Healthcare During Retirement
One of the most important things you should consider prior to retirement is the availability of sufficient, convenient, and simply put, good medical facilities located in the area you have decided to spend the best years of your lives.
This is important whether you’re considering Mexico, Costa Rico, Tahiti, Belize, or Panama – or where-ever! Good Healthcare is going to be extremely important to you during the “Golden Years”!
Mexico stands up quite well in that respect. You will find up-to-date, modern facilities, with wonderful people staffing those healthcare facilities in Mexico.
Also important to check out is the insurance plans available to you. In Mexico, there are insurance plans offered to everyone – even foreigners. The private insurance we checked on was very reasonable, compared to what we had been paying in the U.S.
In Mexico, along with private health/medical insurance, there are plans you can buy that will air-evacuate you back to the states or back to your home:
To cover you, if you end up at a medical facility you do not feel wonderful about, then you need to purchase a specific coverage, that will ensure you do end up where you want: SkyMed insurance offers complete packages that meet the recommendations of the US and Canadian Consulates. Members traveling more than 100 air miles from their home, say in Mexico, can buy a plan that provides emergency transportation from a medical facility to your local hospital and medical care providers. http://www.skymed.com/default.aspx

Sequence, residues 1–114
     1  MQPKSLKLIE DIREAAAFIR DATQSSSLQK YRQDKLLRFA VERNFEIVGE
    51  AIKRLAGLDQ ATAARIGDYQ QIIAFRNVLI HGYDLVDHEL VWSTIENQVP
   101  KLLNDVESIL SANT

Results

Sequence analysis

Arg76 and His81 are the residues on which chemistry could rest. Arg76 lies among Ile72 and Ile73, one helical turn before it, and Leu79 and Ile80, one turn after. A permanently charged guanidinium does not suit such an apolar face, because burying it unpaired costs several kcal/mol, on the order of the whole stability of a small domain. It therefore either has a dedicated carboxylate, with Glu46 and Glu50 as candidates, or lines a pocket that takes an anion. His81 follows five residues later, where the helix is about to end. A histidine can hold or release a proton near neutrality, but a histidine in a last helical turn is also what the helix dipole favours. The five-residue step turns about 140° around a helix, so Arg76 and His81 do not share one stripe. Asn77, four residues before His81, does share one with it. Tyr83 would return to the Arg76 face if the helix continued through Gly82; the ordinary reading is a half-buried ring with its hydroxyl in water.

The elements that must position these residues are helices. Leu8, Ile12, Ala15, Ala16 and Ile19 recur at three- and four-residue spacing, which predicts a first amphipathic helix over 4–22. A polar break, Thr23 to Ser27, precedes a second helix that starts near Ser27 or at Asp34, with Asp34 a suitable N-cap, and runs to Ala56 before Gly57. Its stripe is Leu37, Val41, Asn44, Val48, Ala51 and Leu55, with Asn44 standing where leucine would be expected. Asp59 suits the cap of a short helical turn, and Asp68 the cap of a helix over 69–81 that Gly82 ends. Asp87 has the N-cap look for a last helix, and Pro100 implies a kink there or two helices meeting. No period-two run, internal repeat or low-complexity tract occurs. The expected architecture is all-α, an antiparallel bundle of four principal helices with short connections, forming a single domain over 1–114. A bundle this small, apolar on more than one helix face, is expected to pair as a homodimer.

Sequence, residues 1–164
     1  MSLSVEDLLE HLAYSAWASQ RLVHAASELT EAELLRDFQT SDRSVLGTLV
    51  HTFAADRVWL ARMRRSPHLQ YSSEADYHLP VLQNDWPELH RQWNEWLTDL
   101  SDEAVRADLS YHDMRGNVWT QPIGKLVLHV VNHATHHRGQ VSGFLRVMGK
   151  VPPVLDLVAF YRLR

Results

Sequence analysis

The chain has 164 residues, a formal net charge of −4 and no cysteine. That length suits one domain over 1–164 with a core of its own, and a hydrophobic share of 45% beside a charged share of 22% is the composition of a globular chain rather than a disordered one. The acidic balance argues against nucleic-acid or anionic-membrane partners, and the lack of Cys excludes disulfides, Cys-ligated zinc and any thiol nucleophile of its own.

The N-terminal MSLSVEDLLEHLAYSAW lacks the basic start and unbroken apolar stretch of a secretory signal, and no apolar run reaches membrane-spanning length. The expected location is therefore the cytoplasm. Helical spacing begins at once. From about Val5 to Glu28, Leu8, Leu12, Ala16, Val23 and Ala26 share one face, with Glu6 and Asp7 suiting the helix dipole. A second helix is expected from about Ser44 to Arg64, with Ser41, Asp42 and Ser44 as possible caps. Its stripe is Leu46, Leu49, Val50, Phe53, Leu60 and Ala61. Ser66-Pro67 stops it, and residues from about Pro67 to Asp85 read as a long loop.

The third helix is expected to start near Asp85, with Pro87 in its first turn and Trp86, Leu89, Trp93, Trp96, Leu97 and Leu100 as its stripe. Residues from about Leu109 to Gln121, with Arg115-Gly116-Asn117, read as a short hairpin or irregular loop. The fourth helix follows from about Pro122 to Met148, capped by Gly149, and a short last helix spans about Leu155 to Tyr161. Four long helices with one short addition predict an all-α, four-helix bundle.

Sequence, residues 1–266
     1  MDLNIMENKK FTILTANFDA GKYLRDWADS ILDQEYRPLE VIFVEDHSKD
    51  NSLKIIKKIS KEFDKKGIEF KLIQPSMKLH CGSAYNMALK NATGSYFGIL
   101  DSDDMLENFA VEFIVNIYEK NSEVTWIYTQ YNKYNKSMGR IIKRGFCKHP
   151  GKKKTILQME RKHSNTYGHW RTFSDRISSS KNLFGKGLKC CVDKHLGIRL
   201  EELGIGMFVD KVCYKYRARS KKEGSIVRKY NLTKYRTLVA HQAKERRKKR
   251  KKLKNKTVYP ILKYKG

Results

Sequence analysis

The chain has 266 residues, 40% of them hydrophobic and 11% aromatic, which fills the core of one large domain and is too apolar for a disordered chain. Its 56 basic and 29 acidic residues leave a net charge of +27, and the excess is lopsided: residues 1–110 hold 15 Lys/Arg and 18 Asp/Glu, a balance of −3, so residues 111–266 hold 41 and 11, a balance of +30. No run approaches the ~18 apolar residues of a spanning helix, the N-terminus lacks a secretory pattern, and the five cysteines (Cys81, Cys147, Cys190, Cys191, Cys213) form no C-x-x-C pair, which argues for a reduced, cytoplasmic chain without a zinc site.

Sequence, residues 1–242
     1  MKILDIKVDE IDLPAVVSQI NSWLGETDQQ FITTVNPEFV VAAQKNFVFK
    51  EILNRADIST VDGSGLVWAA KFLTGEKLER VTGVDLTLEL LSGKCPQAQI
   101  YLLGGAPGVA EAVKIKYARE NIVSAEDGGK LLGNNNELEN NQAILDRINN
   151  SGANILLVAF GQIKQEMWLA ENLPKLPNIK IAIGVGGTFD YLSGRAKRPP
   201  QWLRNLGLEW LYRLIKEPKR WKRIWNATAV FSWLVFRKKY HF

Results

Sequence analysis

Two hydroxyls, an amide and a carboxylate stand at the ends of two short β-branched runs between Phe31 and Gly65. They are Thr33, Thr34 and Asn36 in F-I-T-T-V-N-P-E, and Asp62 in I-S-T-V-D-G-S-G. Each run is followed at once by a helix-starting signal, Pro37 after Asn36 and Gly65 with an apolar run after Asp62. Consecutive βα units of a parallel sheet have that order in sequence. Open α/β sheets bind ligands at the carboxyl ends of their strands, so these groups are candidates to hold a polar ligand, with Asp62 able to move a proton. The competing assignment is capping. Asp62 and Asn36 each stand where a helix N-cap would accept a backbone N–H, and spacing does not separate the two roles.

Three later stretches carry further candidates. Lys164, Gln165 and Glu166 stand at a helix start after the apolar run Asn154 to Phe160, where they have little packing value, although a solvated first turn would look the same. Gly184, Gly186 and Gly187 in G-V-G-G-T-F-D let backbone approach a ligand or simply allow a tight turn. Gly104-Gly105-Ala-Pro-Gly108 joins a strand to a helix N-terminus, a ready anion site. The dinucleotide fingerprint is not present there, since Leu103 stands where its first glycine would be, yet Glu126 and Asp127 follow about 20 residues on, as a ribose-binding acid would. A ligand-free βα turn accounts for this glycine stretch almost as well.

And there is: Medevac Critical Care Air & Land Ambulance, 24-hour mobile emergency units, staffed by quality physicians and well-trained paramedics and life support equipment, offers medical evacuation from Mexico to the United States and runs only around $100 a year. http://www.aerocare.com/ and www.airambulancenetwork.com/
If an emergency healthcare situation presents itself in Mexico, in almost every city of any size, just call Red Cross (Cruz Roja Mexicana) for an ambulance. Red Cross provides this service and will take you to any hospital of your choice. The Cruz Roja Mexicana is the rescue and ambulance service for all of México. The service is free, not funded by the government, and donations are accepted. If hospitalization is necessary, ask your doctor what his fee for the entire procedure is beforehand. Then, when you are checked in, request a daily-itemized bill, and carry it with you when you leave.
Mexico does offer natives and non-natives alike, a National health care insurance (IMSS) which is very cheap, when compared to U.S. costs. You can read more about that at www.moneysavingmexico.com/?s=%22healthcare+insurance%22
Some more important info you need to know when considering moving out of the U.S. for your retirement: www.moneysavingmexico.com/medicare/medicare-in-mexico-2/